418941 Water Solubility and Micellar Formation of Imidazolium and Ammonium Ionic Liquids

Monday, November 9, 2015: 3:20 PM
257A (Salt Palace Convention Center)
Rachaud Keyes and Paul Scovazzo, Chemical Engineering, University of Mississippi, University, MS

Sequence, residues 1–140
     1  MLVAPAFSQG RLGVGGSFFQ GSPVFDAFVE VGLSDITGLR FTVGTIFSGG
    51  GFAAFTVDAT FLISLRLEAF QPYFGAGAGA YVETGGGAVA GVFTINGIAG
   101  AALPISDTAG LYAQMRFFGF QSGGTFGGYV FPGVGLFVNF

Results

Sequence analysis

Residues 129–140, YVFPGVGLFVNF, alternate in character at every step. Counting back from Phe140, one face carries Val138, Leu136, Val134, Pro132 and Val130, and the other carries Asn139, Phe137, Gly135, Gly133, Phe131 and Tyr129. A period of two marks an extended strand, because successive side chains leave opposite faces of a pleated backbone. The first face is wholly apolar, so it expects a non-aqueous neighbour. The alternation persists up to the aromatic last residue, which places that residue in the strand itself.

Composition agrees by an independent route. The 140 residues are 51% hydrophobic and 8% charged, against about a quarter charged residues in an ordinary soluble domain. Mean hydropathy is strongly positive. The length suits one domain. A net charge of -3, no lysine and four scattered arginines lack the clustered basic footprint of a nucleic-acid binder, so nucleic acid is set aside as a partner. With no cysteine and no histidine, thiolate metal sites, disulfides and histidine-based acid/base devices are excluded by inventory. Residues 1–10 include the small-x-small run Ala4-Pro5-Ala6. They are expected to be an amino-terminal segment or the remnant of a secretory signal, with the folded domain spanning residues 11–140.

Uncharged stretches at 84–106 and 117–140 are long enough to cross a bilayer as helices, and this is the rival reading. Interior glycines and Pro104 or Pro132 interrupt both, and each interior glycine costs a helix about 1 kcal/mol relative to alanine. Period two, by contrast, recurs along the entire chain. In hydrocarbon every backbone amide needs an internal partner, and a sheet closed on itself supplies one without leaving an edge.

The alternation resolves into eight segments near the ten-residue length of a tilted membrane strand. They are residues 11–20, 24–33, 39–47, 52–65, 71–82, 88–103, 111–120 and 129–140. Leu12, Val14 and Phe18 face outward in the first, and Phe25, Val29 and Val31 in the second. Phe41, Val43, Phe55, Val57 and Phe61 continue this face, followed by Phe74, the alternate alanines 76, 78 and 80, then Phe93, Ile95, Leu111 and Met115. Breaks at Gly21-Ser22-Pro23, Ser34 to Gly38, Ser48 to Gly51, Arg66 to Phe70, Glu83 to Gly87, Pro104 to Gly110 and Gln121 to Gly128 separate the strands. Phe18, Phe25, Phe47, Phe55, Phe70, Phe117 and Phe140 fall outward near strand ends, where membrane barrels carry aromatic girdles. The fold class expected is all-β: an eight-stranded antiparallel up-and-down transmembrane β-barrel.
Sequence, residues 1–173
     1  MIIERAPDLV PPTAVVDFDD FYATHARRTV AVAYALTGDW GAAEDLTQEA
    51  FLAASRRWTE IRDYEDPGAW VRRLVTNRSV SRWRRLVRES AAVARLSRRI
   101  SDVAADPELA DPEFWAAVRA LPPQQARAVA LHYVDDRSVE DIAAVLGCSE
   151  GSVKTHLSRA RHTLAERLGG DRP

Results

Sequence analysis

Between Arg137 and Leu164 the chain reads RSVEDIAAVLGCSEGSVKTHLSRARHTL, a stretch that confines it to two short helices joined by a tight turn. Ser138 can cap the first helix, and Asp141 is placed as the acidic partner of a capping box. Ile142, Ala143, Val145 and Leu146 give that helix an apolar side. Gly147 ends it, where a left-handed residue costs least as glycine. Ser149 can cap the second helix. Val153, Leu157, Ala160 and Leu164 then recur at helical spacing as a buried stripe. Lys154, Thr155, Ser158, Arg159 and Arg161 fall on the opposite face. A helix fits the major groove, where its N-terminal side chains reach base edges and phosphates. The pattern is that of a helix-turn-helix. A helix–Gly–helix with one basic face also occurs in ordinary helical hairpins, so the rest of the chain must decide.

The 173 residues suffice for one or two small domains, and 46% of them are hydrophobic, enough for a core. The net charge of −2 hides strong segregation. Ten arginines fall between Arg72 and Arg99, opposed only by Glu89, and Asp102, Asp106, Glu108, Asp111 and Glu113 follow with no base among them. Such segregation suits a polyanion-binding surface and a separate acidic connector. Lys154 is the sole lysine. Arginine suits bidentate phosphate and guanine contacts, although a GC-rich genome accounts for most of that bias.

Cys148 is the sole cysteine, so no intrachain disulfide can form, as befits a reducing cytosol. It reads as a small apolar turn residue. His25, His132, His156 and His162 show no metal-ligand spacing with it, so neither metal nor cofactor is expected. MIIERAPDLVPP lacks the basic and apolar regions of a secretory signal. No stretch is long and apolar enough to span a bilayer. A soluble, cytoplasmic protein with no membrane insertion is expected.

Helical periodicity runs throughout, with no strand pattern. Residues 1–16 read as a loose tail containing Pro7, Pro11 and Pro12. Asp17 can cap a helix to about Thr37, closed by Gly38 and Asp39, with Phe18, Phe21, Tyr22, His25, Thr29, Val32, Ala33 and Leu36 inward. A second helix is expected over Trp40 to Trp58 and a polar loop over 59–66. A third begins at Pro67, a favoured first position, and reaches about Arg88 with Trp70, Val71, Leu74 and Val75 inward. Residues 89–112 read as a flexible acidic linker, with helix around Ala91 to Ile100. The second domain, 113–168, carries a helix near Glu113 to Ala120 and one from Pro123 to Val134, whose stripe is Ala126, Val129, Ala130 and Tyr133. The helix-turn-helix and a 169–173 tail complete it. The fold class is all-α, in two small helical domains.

A number of proposed applications for ionic liquids involve ionic liquid/water interfaces; such as, chemical separations or drug delivery systems.  Therefore an understanding of the solubility and micellar behavior of ionic liquids in an aqueous environment is critical fundamental knowledge.  The long term goal of our study was the utilization of ionic liquids for the delivery of biological active agents.  We chose the anion, bis(trifluoromethanesulfonyl)imide (Tf2N) since it promotes water stability and forms water immiscible RTILs. The study then paired the Tf2N-anion with three different classes of cations. By adding apolar substituents (-CH2-) to the cation, the size of the molecule increases in each RTIL class, rendering the RTIL less soluble in the water phase.   The three classes of RTILs examined were 1-Cn-3-methylimidazoliums, Cn-trimethylammoniums (CTA), and branched ammoniums (BAM), with the “Cn” representing an alkyl functional group (propyl, butyl, etc.). For industrial use, CTAs are attractive, since they can be synthesized from inexpensive ammonium surfactants. However, large CTAs (twelve carbon chain and higher) are solids at ambient conditions. In contrast, BAMs have larger compounds that remain in the liquid state at ambient conditions. Nevertheless, each class has potential as a delivery agent by meeting the aforementioned criterion – namely, water immiscible and water stable at ambient temperatures.  We used Total Organic Carbon (TOC) analysis to determine the RTIL content in water that is in equilibrium with the tested RTILs.  Surface tension measurements of the RTIL containing water determined if RTIL micelles existed in the RTIL saturated water.  We used Linear Free Energy Relationship (LFER) semi-empirical models to correlate the RTIL water solubility to the molecular size and structure of the RTIL cation.  Combining the LFER results with surface tension measurements and thermodynamic calculations of sub-cooled RTIL fugacities allowed us to determine that micelle formation is not significant for the tested RTILs with molar volumes less than 350 cm3/mol.  We tested a total of 15 different RTILs with the water solubilities ranging from 10-2 to 10-4 moles-RTIL/L-water.

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